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Chinese calligraphy as seen through the eyes of a master

By Deng Zhangyu | China Daily | Updated: 2017-12-08 07:45
A rubbing of a calligraphy piece by Qing Dynasty painter Bada Shanren is among Qi Gong's collections on show at the Guardian exhibition in Beijing. [Photo provided to China Daily]

An ongoing show at the Guardian Art Center in Beijing provides a rare chance to see the history of Chinese calligraphy through the eyes of Qi Gong (1912-2005), who was best known as a calligrapher, connoisseur and scholar of Chinese art, especially calligraphy.

On display are about 230 pieces of rubbings from stone, wood and bronze inscriptions collected by Qi, who imitated this calligraphy frequently in his lifetime.

To copy works by reputed calligraphers is a must-do for those who want to improve their skills.

"Qi did not treat these pieces as part of his collection, but used them in his work," says Song Hao, general manger of the rare books, rubbings and manuscripts department at China Guardian Auctions.

Song and her team spent more than half a year studying these rubbings that were found either in between the pages of books or in boxes beneath a bed at Qi's apartment.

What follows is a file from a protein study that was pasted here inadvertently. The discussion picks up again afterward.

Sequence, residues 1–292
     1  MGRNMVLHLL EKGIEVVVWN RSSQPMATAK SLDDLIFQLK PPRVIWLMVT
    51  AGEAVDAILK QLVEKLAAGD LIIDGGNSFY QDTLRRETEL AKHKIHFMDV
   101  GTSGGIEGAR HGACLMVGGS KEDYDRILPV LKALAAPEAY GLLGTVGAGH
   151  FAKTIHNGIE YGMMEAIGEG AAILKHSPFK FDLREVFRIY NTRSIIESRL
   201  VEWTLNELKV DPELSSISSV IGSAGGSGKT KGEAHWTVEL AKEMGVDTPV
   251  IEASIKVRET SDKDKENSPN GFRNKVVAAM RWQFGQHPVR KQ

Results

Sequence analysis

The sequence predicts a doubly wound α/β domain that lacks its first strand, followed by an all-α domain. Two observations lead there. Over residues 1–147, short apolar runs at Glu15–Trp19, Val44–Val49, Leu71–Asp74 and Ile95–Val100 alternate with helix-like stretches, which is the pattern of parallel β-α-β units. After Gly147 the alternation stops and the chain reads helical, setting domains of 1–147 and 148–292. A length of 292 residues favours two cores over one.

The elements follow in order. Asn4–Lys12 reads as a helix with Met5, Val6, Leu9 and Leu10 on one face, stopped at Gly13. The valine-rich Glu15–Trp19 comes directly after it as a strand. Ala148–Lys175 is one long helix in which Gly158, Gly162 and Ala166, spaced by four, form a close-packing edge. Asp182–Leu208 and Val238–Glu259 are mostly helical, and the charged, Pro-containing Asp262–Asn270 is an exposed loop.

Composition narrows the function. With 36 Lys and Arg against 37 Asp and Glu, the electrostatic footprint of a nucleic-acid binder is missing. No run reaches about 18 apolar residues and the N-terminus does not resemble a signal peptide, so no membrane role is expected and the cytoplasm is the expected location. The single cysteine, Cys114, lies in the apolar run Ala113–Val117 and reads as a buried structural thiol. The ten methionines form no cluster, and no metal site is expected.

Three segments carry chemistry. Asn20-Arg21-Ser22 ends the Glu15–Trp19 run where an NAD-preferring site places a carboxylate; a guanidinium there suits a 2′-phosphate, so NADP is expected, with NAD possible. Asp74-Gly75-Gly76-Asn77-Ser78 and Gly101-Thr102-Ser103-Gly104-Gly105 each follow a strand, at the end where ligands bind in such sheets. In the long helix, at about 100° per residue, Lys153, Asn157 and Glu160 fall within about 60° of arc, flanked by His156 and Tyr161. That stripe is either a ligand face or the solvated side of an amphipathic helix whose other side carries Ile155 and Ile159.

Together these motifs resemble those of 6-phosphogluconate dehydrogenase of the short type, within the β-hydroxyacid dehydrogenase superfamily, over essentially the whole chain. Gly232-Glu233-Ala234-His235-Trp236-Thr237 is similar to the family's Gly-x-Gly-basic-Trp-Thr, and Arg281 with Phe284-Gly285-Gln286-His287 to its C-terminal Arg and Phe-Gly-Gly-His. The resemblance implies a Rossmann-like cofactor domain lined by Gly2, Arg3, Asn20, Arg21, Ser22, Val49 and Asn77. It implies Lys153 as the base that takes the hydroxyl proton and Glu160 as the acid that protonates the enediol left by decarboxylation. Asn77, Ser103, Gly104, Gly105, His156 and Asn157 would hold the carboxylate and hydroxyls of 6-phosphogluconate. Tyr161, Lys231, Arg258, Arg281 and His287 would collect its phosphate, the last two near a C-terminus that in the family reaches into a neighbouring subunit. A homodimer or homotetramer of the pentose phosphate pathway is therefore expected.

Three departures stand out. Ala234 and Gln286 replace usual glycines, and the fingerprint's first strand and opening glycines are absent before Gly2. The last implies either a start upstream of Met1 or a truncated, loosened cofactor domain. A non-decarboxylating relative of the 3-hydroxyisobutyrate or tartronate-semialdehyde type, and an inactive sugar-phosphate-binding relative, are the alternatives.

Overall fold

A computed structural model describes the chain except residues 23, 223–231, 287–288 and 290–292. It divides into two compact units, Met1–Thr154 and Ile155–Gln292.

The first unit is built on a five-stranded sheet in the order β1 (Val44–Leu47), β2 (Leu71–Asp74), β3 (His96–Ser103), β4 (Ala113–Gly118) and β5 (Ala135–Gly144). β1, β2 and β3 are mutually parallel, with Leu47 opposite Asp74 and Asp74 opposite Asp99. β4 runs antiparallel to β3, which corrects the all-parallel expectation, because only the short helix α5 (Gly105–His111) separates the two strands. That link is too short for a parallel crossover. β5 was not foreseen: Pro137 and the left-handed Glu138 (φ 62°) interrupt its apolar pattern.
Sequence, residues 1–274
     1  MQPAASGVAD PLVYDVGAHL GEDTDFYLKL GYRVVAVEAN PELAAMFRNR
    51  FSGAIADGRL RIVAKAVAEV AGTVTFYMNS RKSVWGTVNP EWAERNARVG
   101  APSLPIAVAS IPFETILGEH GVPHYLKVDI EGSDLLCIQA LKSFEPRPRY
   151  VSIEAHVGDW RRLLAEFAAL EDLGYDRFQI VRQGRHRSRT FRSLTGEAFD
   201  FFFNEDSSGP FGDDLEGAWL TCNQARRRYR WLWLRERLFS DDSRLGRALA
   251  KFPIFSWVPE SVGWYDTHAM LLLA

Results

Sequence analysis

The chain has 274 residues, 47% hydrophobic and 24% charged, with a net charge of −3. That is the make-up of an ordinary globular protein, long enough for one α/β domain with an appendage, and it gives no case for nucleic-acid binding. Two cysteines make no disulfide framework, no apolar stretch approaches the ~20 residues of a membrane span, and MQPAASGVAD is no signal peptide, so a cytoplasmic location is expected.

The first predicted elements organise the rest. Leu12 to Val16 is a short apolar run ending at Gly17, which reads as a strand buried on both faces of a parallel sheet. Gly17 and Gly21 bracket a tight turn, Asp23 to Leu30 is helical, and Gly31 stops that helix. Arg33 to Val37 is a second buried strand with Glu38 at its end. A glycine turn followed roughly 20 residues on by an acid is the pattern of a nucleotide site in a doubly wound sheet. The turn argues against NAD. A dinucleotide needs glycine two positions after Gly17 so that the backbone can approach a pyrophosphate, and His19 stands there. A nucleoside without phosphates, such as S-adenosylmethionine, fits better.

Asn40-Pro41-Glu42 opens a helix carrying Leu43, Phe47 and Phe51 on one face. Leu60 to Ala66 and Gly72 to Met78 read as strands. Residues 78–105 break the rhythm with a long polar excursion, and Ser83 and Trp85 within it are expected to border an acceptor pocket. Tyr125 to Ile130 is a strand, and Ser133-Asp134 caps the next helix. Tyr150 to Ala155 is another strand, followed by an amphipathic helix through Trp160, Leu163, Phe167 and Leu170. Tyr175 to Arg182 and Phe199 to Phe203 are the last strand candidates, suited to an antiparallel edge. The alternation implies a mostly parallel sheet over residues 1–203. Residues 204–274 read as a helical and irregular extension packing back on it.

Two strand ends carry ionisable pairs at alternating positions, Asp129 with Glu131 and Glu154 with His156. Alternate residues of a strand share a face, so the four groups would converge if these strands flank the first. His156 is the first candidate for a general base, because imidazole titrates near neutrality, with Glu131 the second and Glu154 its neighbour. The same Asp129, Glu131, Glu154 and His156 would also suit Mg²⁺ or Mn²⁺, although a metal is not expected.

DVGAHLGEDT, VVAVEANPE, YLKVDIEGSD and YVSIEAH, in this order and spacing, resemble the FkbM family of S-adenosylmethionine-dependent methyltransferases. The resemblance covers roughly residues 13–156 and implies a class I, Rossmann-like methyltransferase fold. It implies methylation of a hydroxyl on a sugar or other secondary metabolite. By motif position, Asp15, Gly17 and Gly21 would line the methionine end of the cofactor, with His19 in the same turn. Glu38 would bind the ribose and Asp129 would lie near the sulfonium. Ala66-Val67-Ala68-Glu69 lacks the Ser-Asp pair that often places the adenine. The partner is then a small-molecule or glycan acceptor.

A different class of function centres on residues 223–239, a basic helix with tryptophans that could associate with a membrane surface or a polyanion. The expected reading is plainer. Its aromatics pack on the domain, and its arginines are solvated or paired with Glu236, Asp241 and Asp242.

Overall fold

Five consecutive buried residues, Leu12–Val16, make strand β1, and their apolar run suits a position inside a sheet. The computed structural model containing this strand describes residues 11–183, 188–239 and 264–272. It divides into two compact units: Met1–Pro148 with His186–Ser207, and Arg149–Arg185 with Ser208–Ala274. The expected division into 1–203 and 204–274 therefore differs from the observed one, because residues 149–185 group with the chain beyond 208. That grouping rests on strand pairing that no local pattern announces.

The rubbings on display include those from bronze ware that can be used to study ancient Chinese characters dating back 3,000 years, and from stone inscriptions often written by skilled as well as reputed calligraphers in ancient China.

Some of these pieces were gifts from his friends while many were bought from antique stores and auction houses.

"Qi was a master. He was not rich. But he still spent lots of money buying rubbings for research and practice," says Song.

Throughout his life, Qi devoted himself to learning and studying calligraphy. And because of his rich knowledge of Chinese culture and art, he was hired as a consultant by many museums, such as the Palace Museum and the National Museum of China.

Zhang Zheng, who lived with Qi for years, says it is not possible to find someone like Qi with so much passion for rubbings and epigraphy in today's internet age.

"It's very difficult to do research on epigraphy and rubbings from stone inscriptions. It needs a lot of knowledge and time. That's why fewer people are interested in it," he says.

The show features Qi's rubbings displayed in chronological order. It begins with rare rubbings from well-known bronze ware, followed by rubbings of stone inscriptions from different dynasties featuring various styles of Chinese calligraphy.

Qi's works and his comments on these rubbings are also on show.

Despite his skill in calligraphy, Qi was also known for his thoughts on calligraphy theories as well as on ancient Chinese poems.

Qi, who was born into the royal family of the Qing Dynasty (1644-1911), was akin to master painter Pu Ru, who was known for his Chinese ink paintings.

"Qi was a friend to many master painters of the 20th century in China. His knowledge of Chinese art was, to some extent, insurmountable. It all shows in his collection of rubbings," says Zhang.

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